The electrification movement is accelerating, so let’s go back to this topic again and look at how to electrify an older house. In part 1 of this series, I listed some important questions to ask. Today, I’ll cover some steps that can make the transition to an all-electric home easier. I’m not going to get into incentives, but the Inflation Reduction Act (IRA) is putting a lot of money out there to help with changing out fossil fuel appliances with electric versions. And that’s not all. The IRA also can help you get the electrical system upgraded if necessary.
But first, let me put a little disclaimer out here. Making changes to your house can be dangerous. It can go wrong in many ways. Working with electricity requires a level of skill and attention that doesn’t suit every do-it-yourselfer. The suggestions I give below are meant to be general advice to get you thinking in the right direction. Don’t take on projects that you aren’t competent to complete. Call an electrician or other qualified professional when necessary.
Plan your conversion
Start with an inventory of your current fossil fuel-burning combustion equipment. Go through the house and determine what fuel is used for your:
- Heating system
- Water heater
- Clothes dryer
Once you know where you’re using gas, oil, or propane, you’ll need to decide how far down the electrification path you want to go. All the way? Heating only? All but one appliance?
Once you have that, assess the age and condition of each appliance you want to replace. If they’re old and less efficient than newer models, you have a good incentive to make the switch. You need to replace them anyway, and going to a high-efficiency electric model can help pay for the conversion.
If you’re afraid to switch from a furnace to a heat pump, one thing you can do is go to a dual-fuel system. It heats with a heat pump down to a certain temperature and then switches over to the furnace. See my recent article on dual fuel heat pumps.
Finally, come up with a timeline. Do you want to do it all at once? Or make the conversion over an extended period, say five years? The more you have to do—and spend—to convert, the longer it may take you to get it all done.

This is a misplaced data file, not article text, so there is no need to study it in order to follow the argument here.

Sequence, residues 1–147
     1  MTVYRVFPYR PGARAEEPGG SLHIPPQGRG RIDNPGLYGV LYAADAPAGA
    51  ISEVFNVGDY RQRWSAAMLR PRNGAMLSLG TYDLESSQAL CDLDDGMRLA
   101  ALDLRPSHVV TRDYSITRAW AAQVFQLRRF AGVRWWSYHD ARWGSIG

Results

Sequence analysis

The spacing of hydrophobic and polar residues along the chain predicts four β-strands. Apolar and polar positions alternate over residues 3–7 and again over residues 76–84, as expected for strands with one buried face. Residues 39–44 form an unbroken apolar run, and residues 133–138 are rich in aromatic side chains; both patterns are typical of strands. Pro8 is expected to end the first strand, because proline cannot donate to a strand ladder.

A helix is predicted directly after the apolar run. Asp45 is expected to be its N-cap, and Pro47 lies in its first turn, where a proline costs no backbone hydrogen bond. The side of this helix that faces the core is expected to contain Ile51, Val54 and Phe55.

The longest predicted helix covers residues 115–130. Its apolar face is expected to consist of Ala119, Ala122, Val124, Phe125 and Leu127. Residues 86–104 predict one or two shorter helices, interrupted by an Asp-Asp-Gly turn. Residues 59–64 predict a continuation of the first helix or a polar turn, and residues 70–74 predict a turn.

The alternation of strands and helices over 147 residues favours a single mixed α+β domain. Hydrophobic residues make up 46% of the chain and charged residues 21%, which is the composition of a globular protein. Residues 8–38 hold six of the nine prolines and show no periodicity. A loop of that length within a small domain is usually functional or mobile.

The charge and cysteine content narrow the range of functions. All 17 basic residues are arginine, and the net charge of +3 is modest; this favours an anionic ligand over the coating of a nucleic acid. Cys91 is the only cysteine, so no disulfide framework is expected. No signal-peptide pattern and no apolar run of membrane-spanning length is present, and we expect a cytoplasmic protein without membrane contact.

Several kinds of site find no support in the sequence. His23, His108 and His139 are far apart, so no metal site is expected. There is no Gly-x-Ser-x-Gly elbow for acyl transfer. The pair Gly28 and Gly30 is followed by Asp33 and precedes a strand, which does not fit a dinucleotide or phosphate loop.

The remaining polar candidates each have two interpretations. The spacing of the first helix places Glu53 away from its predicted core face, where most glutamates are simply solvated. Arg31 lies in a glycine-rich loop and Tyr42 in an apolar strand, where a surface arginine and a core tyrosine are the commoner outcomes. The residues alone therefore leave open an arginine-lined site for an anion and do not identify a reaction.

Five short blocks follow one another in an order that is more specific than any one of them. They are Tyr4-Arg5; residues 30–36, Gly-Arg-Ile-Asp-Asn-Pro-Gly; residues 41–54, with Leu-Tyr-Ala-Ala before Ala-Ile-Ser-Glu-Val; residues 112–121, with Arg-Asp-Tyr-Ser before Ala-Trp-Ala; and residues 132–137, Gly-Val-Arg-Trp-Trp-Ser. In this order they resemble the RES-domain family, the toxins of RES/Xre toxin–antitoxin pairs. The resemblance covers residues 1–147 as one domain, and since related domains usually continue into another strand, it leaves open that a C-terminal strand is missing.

Do you need a wiring upgrade?
The big obstacle that can turn what seems like a simple conversion into an expensive upgrade is the current state of your electrical system. Wiring in older homes is often a mess. If your home still uses knob-and-tube wiring (photo below), that’s a mandatory conversion. It’s a fire risk and you should take care of that right away. Get an electrician to evaluate the wiring and see if you need to make any general changes.
Do you need a panel upgrade?
Then there’s the electrical panel. If yours looks like the one in the lead photo above, it’s definitely due for an upgrade. If it looks like a standard breaker box, you may be OK. The next step is to find out what the maximum capacity of the panel is and how close you come to it. New homes these days generally come with a 200 amp (A) service, but older homes may have a maximum of only 100 A or less.
The good news is that a great many homes with smaller electrical services are still OK to go all-electric. Home Energy Analytics got electric utility data for more than 22 thousand customers in California and analyzed their peak power usage. The graph above tells the tale. A measly 2% had peak electrical current greater than 88 A, and 86% had peaks below 50 A.
Find your peak electrical current